Security experts are always reminding you that your accounts should always have a strong password. The only problem with that is that remembering strong passwords for various accounts can be almost impossible. The question you may ask yourself is where you can keep your passwords.
The answer to that question is debatable, but if you decide to keep your passwords in your Safari browser, the following guide will show you how to do that so that the next time you need to sign into your accounts, you won’t have to depend on a third-party app.
How to Allow Safari to Save Your Passwords
The easiest method you can try to have Safari save your passwords is to just allow iOS to take care of it naturally. Go to the site whose credentials you want Safari to save. Sign in to the site like you normally would, and before you tap on the sign-in button on the site, your keyboard will show the Passwords option.
If you have never signed in to that particular website before, there is nothing to do. Just add your username and password as you normally would. After you sign in, a dialog box will be displayed asking if you want to save the login information in iCloud Keychain for next time.
If you click “Save Password,” it will be saved, and the next time you visit the site, you just need to click on the “Passwords” option. It will automatically fill in the information for you to sign in with. If you have multiple logins for that same website, you will see two of the options below. Click the one you want to use. If there’s a third, fourth, etc., that isn’t shown, click the “Passwords” link to find the correct one in your list of saved logins.
If you ever change your password on the site, you will be asked if you want to update your password.
If you want to get a head start and save the passwords for the sites you frequently visit, you’ll need to dig into your device’s Settings. On the left pane (once you’re in Settings) swipe down until you see the “Passwords and Accounts” option.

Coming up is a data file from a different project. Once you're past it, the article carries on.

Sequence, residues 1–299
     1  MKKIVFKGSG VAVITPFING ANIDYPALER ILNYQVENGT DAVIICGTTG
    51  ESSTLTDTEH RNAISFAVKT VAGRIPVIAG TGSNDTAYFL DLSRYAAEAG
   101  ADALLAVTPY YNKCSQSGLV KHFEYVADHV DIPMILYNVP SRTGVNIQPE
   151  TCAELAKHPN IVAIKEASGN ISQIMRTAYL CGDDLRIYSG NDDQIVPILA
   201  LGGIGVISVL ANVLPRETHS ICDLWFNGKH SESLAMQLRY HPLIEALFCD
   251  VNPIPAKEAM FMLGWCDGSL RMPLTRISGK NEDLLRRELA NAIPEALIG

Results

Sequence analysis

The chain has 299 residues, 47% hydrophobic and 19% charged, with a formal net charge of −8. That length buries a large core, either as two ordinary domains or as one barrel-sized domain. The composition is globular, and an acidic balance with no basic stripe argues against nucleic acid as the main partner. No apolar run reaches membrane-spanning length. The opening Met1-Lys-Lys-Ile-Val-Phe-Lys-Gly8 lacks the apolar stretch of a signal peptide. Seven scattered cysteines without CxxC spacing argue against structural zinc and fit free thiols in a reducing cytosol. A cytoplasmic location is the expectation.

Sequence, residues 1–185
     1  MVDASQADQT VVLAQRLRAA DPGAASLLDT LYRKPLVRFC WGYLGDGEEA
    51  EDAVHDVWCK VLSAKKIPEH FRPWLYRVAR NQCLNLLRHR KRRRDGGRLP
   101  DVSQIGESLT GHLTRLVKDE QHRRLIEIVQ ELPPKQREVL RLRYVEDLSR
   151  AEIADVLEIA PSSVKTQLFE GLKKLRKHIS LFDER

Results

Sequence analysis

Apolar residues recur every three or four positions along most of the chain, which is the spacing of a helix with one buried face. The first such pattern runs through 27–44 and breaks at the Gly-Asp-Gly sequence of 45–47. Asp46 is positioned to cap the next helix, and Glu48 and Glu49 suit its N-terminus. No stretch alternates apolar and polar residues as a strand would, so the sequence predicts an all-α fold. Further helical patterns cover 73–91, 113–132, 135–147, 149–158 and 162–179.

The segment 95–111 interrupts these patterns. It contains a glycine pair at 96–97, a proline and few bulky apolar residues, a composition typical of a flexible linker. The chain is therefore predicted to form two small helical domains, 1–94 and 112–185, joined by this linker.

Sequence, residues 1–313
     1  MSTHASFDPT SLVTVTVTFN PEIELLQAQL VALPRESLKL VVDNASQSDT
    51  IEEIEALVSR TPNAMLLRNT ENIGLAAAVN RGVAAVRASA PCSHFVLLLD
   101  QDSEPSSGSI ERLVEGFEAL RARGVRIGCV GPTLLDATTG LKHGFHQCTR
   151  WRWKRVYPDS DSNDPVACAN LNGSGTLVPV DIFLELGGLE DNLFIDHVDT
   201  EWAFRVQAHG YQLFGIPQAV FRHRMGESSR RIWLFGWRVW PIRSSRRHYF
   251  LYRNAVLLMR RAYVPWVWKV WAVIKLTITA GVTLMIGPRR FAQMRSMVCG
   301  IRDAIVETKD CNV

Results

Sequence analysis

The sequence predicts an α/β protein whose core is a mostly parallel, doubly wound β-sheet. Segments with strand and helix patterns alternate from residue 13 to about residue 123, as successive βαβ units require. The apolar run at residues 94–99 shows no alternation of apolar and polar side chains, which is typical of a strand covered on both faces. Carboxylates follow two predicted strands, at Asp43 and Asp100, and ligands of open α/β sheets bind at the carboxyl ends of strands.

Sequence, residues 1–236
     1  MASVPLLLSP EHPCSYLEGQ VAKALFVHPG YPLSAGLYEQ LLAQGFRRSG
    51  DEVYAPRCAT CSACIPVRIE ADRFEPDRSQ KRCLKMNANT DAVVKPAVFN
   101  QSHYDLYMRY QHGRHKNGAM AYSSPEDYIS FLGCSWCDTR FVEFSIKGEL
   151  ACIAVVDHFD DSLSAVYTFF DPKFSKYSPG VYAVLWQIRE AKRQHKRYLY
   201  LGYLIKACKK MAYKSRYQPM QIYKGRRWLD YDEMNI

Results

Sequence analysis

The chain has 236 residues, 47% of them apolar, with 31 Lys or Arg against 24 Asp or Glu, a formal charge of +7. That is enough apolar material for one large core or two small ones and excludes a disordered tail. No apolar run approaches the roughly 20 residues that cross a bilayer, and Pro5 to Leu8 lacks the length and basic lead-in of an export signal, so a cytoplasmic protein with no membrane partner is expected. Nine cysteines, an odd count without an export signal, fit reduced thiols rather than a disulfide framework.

Tap on this option, followed by “Website and App Passwords.” You should see a plus sign at the top. Tap on it and fill in the information of the site you want to save. Double-check for any mistakes and tap Done.
The passwords are used and saved not only in Safari, but in other browsers and other apps as well, meaning data is saved for both web apps and apps, such as Dropbox. If you sign into the Dropbox web app and save your login information in Safari or another browser, and open the Dropbox app another time, it can use that same login information that is stored.
How to Stop Safari from Filling in Your Passwords
Let’s say that you want to keep your passwords, sign-in Emails, and usernames on Safari (Safari saves all three), but you don’t want the browser to fill them in automatically. To disable the autofill feature, go to Settings, followed by “Passwords and Accounts.”
Below the Website and App, Passwords option is the option to toggle off the Aufill for passwords. As long as it’s off, you can keep your passwords there, but Safari won’t autofill them.
If you ever do want to erase any passwords, tap on the Website and App Passwords option, and select the Edit option at the top right.
All your passwords will have a circle to the left of them. Select the passwords you want to erase and tap on the Delete option at the top left. You can also delete a particular password by tapping on it, and when you tap on the edit option, a red circle will appear. Tap on this red circle to delete your sign-in info for this site.
Today you have so many things you have to remember that you could use some help. If you’re willing to trust Safari, it’s ready to help. How much do you trust Safari to save your passwords?